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FCA Enforcement Drops But Fines Increase

Research Examines Trends Of Past Five Years


New research has suggested that the number of enforcement actions being taken by the Financial Conduct Authority and its predecessor fell in the past five years, although the size of penalties has risen.

The Global Enforcement Review 2014 published by consultancy firm Kinetic Partners found that the number of enforcement cases was around 12 per cent lower, although the average penalty value rose by a massive 1590 per cent from 2009.

According to the organisation, the findings demonstrated that regulatory bodies are looking to bring “severe action against big-ticket violations”.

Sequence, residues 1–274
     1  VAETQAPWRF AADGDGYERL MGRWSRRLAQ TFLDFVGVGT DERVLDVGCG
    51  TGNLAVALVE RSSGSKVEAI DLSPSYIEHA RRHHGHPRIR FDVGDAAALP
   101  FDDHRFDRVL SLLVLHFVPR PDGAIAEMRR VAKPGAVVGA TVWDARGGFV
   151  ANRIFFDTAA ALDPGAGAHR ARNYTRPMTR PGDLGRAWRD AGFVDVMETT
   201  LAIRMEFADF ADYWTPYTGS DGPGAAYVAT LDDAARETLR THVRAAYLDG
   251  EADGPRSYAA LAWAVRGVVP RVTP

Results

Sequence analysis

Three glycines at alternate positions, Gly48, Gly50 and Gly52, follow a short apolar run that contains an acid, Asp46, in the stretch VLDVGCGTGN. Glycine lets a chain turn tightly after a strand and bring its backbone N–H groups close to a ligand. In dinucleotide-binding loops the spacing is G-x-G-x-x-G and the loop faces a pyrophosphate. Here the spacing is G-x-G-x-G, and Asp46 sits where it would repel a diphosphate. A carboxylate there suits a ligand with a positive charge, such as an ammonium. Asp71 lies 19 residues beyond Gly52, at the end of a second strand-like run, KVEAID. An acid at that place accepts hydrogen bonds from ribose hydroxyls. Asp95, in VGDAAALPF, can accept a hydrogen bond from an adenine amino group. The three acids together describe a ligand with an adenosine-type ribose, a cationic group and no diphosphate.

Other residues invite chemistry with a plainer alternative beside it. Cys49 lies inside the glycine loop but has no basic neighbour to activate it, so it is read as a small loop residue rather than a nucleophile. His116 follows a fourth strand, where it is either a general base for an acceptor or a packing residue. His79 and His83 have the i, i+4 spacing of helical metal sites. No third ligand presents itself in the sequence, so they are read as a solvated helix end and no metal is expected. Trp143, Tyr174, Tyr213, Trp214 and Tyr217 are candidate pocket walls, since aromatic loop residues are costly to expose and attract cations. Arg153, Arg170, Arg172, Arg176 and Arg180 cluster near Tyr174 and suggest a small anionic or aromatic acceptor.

Julian Korek, chief executive officer of Kinetic Partners, said: “Global regulators have demonstrated a more focused commitment to combating industry misconduct and pre-empting abusive behaviour.

“As financial services firms look to the future, it is vital that they understand regulatory agendas and priorities in order to prepare and respond effectively."

Expert Opinion
It is surprising that the number of FCA Enforcement action is falling. For many years it was increasing. The drop may be due to large scale investigations, such as the benchmark ones, which are complex and presumably resource intensive.

"The increase in steep fines is likely to remain a feature in the foreseeable future. Despite falling numbers of Enforcement actions, the FCA Enforcement Division is still to be feared."
Sarah Wallace, Partner

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